TRANSLATOR [very slight accent, if any]: We are only thinking of the welfare of the child. Where will he have the better future? In America, he will be forced to work in a succession of soul-destroying jobs in sterile, charmless offices that do not have beautiful views out the window or comprehensive dental plans. And without a mandatory four-week holiday he will be driven to exhaustion by the frenzied pace of life in the "speedy road." Either way, he will marry a woman who cannot cook and they will have fat children who speak too loudly. This cannot be.

(sfx: assembly erupts in applause, then fade)
(the applause begins at end of Bocage remarks, before translation is finished)

BRICK: But if the expatriate community and many Parisians are determined to keep Elliott here, polls indicate that most French citizens feel he should be reunited with his father. The French government, initially reluctant to intercede in what it considered a private matter, now agrees. Foreign Minister Sophie Barbarin.

BARBARIN: [heavy accent]: France will not separate a family.
If Monsieur Gunderson should ask to remain in France as a resident, then we will see. France cannot make the first overture, but at our meeting with him on Monday we will have champagne and a superb Camembert from the farm of my uncle, and perhaps he will think to do this. But if he wants to take his son back to the land of "cheese food," we must allow him the freedom to make this mistake, no?

[sfx: traffic noises, crowd noises w/European car horns]

BRICK: Thus, in spite of the efforts of Tom and Patty Gunderson and their loyal supporters, it appears that Elliott Gunderson will soon be in the arms of his father and on his way back to St. Paul.
Out in the field, this is Brick Walters.
sfx: traffic noises, crowd noises fade out]

DC: Joining me in the studio now is Elliott's father, Michael Gunderson, who is flying to Paris tonight, and Susan Sharpless of the U.S. State Department. Mr. Gunderson, what do you think of your Paris relatives' allegation that you won't be able to provide a fit home for Elliott in his native land?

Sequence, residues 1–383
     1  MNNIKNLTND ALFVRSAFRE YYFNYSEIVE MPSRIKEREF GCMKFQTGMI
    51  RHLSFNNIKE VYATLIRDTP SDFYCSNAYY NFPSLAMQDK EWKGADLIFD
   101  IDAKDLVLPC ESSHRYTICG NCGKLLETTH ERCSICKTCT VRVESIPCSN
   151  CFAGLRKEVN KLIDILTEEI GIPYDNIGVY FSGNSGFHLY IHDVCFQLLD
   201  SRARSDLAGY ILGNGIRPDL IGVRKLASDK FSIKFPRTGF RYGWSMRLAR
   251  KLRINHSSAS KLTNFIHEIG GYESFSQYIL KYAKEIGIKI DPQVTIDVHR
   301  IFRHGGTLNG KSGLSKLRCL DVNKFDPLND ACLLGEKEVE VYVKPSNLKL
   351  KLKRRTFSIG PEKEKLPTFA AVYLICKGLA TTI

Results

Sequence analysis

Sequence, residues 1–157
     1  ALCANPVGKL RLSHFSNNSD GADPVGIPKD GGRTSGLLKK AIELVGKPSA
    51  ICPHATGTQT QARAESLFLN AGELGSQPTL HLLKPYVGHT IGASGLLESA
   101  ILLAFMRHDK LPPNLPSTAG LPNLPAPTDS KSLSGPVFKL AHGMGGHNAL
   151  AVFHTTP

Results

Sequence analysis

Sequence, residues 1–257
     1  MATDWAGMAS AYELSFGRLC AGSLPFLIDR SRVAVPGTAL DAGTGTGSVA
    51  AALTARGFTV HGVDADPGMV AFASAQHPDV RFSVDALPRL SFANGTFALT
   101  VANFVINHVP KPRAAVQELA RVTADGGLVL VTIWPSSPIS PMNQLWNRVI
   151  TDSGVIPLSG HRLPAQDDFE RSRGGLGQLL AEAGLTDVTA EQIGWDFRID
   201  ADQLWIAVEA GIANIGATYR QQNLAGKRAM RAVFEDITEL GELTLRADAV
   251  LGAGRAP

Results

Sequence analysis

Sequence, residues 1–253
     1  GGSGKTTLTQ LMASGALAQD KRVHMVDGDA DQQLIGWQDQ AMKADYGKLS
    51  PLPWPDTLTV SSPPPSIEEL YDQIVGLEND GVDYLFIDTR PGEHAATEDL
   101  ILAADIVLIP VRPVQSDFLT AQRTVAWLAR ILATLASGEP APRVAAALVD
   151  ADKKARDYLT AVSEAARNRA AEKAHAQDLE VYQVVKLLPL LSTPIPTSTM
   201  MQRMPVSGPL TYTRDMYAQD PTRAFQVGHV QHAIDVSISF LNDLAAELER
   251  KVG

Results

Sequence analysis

MICHAEL: It's completely outrageous. Do they really believe that because we don't sit down every day to a hearty bowl of potato leek soup that we're barbarians? Just because our political system is utterly debased, is that child abuse? They're out of their minds!

DC: Ms. Sharpless, has the controversy hurt relations between the U.S. and France?

SHARPLESS: Yes, mostly in the area of trade. The protests here in America have led to a drastic decline in the consumption of French bread, French fries and French toast. Then there was Trent Lott's attempt to ban French kissing, which put everyone in a bad mood; and of course, the boycott of Gerard Depardieu movies has dealt a massive blow to the French film industry. Americans are angered by what they perceive as the French government's pandering to a few vocal reactionaries.

DC: Mr. Gunderson, there are rumors that you'll stay in France.

MICHAEL: Absolutely not. I want to raise my son as an American. I don't want him to be comfortable with ambiguity or existential despair. I don't want him to spend his life laughing through his nose and cheating on his wife and expounding at length upon Camus' influence on the oeuvre of Mickey Rourke. I think they've already done some damage to Elliott; I can tell from the videotape that he's developed a shrug.

DC: Michael Gunderson, the father of six year old Elliot Gunderson. The Paris relatives of Elliot say they will meet with Michael when he arrives, on the condition, of course, that the custody negotiations are carried out solely in the French language, an excellent pastry is served, and no meetings convene before 10 o'clock in the morning.
We'll keep you up to date as this story develops.

Dale Connelly Reporting Home


Minnesota Public Radio Home     Search     Email  
© Copyright 2000 | Terms of Use  |  Privacy